The deepening agrarian crisis in India, therefore, has a feminine face; only a few of the innumerable women who till these lands actually own them or have financial resources to lease the lands. Married at an early age with little or no education, they have no access to the various schemes that the state government ministries come out with for the improvement of agriculture. Patriarchal culture still dictates behavioural norms and the division of labour on the farm remains sexually-based; for example, women still do not plough the land or cut the jute stalks, although they spend long hours transplanting rice seedlings, threshing the harvested rice and standing in waist-deep, dark-coloured and stinking water, soaking jute stems. They also collect the fodder, feed and care for the cattle, which are generally owned by the absentee household head. It is in this context that the goats have appeared as beacons of hope for women in feminised agriculture in the eastern Gangetic plains. Conceptually, these endearing blown and black specked animals challenge the classical theoretical position of Marxist feminists who had suggested that reproductive work in the private sphere of home is different from, and in opposition to, the productive or wage-work that takes place in the public sphere. These goats show how a woman’s productive and reproductive work is linked intricately, and how an assumed separation of these two spheres can be risky in terms of scholarly interpretation of ‘field’ evidence.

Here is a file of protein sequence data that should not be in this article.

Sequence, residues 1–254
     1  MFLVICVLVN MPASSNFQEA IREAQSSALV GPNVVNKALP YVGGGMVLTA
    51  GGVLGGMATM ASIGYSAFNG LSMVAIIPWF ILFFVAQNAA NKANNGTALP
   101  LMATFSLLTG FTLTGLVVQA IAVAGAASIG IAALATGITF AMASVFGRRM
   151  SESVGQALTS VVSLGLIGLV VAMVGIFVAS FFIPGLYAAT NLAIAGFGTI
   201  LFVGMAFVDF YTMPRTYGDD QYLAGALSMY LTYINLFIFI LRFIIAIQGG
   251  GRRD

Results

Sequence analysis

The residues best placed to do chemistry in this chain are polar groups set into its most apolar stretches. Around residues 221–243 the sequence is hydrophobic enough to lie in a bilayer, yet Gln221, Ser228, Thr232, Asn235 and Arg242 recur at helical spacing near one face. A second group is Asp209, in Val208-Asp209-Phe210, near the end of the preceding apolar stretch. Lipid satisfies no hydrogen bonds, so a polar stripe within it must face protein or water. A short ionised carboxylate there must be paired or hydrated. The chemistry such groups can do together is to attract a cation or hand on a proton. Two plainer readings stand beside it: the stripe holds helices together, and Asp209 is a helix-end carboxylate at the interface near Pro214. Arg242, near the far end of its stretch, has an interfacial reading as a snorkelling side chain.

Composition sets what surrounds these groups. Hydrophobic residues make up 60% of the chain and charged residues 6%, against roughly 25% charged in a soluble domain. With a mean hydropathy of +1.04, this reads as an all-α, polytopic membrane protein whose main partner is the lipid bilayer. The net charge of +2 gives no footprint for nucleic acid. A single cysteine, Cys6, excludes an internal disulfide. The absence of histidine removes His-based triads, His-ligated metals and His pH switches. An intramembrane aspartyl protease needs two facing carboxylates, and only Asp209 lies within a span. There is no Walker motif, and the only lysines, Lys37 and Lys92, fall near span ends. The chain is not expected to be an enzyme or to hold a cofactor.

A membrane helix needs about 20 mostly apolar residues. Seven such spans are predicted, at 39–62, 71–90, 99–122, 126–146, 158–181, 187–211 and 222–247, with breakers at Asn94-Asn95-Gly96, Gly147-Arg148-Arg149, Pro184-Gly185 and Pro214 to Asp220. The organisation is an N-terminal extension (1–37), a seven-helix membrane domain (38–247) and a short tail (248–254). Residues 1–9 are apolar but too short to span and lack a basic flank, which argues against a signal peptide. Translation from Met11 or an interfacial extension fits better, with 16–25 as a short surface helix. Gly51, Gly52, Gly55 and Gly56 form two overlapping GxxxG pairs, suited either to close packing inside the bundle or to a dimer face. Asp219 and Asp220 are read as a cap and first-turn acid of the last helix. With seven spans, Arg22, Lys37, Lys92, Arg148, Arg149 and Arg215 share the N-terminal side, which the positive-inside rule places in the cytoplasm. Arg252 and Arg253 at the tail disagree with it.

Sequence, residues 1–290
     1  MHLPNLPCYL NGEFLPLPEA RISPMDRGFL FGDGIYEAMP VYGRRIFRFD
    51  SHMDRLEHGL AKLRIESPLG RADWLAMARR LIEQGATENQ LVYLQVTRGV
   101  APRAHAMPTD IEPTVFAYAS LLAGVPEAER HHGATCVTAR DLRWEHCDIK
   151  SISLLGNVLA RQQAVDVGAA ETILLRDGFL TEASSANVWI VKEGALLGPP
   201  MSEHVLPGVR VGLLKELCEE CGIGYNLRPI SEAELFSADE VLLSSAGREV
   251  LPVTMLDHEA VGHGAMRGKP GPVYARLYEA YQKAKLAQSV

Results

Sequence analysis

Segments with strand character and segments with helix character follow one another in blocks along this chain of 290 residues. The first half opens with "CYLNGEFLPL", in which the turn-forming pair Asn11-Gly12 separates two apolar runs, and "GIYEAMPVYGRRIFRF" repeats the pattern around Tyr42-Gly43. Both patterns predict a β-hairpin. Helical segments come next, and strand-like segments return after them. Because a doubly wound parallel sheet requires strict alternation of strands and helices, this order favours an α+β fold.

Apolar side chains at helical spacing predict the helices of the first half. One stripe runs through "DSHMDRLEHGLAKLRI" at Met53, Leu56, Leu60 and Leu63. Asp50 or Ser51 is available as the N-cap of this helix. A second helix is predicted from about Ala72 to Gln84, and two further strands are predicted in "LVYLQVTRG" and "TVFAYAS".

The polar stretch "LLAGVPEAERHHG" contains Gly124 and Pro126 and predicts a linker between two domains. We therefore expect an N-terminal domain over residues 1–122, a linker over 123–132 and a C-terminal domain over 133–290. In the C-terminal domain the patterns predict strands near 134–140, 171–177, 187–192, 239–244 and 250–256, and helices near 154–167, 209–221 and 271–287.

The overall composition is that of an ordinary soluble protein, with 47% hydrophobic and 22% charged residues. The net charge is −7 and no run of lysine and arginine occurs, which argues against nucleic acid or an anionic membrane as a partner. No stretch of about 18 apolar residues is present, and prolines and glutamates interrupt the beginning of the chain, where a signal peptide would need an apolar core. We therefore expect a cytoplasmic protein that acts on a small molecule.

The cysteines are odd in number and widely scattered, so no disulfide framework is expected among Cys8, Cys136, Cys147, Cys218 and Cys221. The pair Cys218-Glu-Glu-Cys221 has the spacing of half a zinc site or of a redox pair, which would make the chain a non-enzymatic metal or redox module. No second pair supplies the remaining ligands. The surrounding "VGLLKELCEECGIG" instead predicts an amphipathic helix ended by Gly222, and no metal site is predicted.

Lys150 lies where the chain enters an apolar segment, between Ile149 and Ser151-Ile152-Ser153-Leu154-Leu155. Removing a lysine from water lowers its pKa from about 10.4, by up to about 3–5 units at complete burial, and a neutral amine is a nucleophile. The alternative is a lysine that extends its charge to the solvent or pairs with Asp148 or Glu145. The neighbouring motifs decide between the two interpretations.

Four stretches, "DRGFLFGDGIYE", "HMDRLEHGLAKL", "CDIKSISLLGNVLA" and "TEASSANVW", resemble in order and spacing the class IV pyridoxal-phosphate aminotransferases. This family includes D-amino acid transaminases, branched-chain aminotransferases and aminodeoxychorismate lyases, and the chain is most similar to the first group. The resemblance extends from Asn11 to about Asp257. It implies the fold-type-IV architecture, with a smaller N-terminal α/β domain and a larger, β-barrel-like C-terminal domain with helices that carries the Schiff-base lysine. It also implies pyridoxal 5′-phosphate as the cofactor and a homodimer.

These alluvial plains, rich with sandy soils brought down from the Himalayan mountain slopes by the rivers during the monsoonal rains , are notorious for being flood prone and for the perpetual water-logging experienced in the more low-lying areas. Yet, they were at one time one of the richest agricultural areas, supporting a rich feudal rural society as evidenced by the relics of the palaces of the Dwarbhanga and Cooch Behar maharajas. The royal glory long gone, the region, today, comprises one of the poorest rural areas of the world. The poverty is not only expressed in the remoteness of villages, in the lack of roads and other services, and in general ill-being associated with intense poverty, but also in a patriarchal system that relentlessly uses and exploits women to serve itself. In twenty-first century India aspiring for high economic growth rates, caste continues to remain the dominating marker of a rural person’s identity in the region, making women subject to the triple burden of sexually-based oppression, poverty and caste oppression. Certain castes cannot keep poultry, and only the women of the malo caste can use the water bodies to catch fish to supplement family diet.